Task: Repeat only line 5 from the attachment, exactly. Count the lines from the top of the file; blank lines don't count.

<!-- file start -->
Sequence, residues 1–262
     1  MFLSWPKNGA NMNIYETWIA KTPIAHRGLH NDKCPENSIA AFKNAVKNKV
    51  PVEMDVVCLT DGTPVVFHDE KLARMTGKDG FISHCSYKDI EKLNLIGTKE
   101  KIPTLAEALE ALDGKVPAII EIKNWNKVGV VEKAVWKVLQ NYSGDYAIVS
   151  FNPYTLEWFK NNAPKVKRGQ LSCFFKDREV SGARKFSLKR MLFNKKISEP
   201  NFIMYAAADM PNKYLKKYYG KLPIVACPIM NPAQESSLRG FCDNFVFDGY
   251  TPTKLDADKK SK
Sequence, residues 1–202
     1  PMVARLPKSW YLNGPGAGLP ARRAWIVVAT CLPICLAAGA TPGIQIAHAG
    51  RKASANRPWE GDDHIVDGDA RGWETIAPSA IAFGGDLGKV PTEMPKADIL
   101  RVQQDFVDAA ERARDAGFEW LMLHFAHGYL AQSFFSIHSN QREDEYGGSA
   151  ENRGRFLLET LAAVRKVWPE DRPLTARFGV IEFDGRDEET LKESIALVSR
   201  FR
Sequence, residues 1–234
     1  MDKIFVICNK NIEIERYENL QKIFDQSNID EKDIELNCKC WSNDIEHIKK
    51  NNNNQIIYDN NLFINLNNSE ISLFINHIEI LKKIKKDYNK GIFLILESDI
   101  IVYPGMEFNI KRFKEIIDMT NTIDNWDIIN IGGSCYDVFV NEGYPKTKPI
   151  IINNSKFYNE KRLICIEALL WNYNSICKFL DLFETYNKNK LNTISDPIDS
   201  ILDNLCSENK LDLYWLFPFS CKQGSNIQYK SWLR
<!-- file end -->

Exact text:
   151  FNPYTLEWFK NNAPKVKRGQ LSCFFKDREV SGARKFSLKR MLFNKKISEP